3 Additional Tips for Using SQL Server Management Studio

In an earlier post I listed three tips for using the SQL Server Management Studio user interface. I want to offer three additional tips for SSMS.  I think you will find that these ideas will bring additional efficiency and functionality to your use of the interface.

The first tip is related to getting more viewing space after running a query. Query results obviously take up the bottom portion of the SSMS editor window. I have often found myself then clicking in the query editor window and scrolling to view various parts of my query, all the while the results portion of the screen is using a good portion of the window. Some time back an associate told me how to easily address that annoying issue. Simply click CTRL and R to collapse the query results so that the full page is again used for viewing the query text.

The second tip is related to finding objects in Object Explorer. Ever found yourself trying to locate a particular stored procedure that has a name that is a mile long and your brain only remembers part of the procedure name? What about trying to find all the tables related to Orders or Shipping? As it turns out, there is a nice way to search for such things.

Drill down into the object level you are searching through, such as Databases > AdventureWorks2008R2 > Tables. Right click the Tables folder and select Filter. Then select Filter Settings. You are then presented with the dialog below. Enter the name description in the Value column and click OK. This filtering also works for the Views, Stored Procedures and Functions folders.

Filter Search on a Table

 

The third tip relates to using color to visually identify what SQL Server instance the query window is connected to. I once saw a Developer who had five SQL Server Management Studio windows open at once. When another Developer asked him why he answered that it was so he could maintain separate connections to different SQL instances and not be as confused as if he had all the connections in one running instance of SQL Server. It was, I suppose, an admirable attempt to ensure he was running the query against the right SQL instance, but it caused me to remember that color can be used for identifying the SQL instance.

Here is how it works. When SSMS is launched the user is presented with a connection dialog.

SSMS Connect to Server Dialog2

 

Next select Options and the below appears.

 

SSMS Connection Properties Dialog

Click on the Select button, choose a color and then click OK and then Connect in order to connect to the SQL instance. Now open a new query window. The color you just selected will appear along the bottom of the SSMS editor window. To do this after you have already opened SSMS, click Connect > Database Engine > Options from the Object Explorer pane. This type of color customization can also be done with registered servers. For more information on this feature click this link: https://msdn.microsoft.com/en-us/library/hh213617(v=sql.120).aspx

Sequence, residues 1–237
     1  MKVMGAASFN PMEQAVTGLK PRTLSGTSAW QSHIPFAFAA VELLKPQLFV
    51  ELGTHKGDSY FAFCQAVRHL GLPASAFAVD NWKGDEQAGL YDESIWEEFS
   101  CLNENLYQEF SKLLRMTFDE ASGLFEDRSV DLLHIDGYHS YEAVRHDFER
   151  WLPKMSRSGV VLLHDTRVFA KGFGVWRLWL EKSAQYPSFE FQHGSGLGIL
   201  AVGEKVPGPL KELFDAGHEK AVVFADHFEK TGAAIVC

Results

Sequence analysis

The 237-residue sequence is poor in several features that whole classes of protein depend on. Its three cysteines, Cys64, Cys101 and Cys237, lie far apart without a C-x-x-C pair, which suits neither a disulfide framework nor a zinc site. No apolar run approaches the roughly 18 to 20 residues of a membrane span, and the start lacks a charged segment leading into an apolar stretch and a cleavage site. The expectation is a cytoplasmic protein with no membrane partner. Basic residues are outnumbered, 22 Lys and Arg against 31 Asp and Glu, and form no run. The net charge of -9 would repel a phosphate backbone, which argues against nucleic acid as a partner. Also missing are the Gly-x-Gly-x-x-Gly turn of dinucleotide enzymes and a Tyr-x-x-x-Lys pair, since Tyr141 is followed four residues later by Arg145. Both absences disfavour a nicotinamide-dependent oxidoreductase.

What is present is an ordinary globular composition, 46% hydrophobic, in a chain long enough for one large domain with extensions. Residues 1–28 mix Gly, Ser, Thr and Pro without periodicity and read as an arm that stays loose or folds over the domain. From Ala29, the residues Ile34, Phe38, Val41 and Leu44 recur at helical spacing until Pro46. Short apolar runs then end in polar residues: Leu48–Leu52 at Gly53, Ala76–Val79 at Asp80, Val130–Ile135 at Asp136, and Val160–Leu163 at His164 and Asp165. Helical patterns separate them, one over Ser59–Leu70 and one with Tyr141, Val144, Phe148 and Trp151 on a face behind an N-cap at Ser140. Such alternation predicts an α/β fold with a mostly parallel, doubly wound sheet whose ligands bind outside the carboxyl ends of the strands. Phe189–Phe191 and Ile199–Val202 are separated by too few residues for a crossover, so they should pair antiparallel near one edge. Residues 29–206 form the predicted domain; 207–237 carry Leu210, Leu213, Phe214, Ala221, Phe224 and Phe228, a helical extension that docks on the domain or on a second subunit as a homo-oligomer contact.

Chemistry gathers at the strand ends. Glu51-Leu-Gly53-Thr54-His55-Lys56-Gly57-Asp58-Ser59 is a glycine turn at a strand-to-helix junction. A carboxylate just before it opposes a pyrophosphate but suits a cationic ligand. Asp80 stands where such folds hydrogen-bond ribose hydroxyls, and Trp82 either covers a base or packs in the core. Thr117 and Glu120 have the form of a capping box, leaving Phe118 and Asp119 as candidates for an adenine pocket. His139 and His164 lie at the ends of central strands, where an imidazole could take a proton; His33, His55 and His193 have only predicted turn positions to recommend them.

I hope these additional tips on SSMS prove useful. Feel free to leave me a comment or another customization that you like to use.

3 Tips for Using SQL Server Management Studio

SQL Server Management Studio, also known simply as SSMS, has many options that can be customized to help you get work done.  In this post I will cover three such options that I have found useful.

The first option discussed will be line numbers. Line numbers can be added to the query editor window to help identify sections of code.  To do this click the Tools menu.  In the drop down then select Options.  Then under Text Editor left click Transact SQL.  Now several options will be available related to what happens inside the text editor screen.  Left click the box next to Line Numbers to enable the display of line numbers next to your code in the editor.

Line Numbers Option in SSMS

 

The second option is query shortcuts. Ever find yourself retyping commands like sp_who2, sp_helpindex from Kimberly Tripp or other handy procedures?  You can actually execute these by assigning them to a keyboard shortcut rather than having to type them each time you want to run the procedure.

To do this, go back to the Tools and Options menu.  Choose Environment, then Keyboard, then Query Shortcuts.  The left column will be labeled Shortcuts.  To the right of the shortcut you wish to use simlpy left click and type the command you want to assign.  Then click OK to assign that shortcut.  Presto!  Now the next time you want to run that favorite metadata proc, just use the assigned shortcut.

SSMS Query Shortcuts

 

The third option is one of my favorite options to adjust. It is the number of recent files and projects that SSMS displays.  This list gives you access to recently opened files and projects.  The default is 10 but I don’t always find that 10 is enough for me.  To adjust this, go to Tools, then Options and Environment.  In the Recent Files section, the number can be adjusted up or down to suit your preference.

 

SSMS Recent Files Option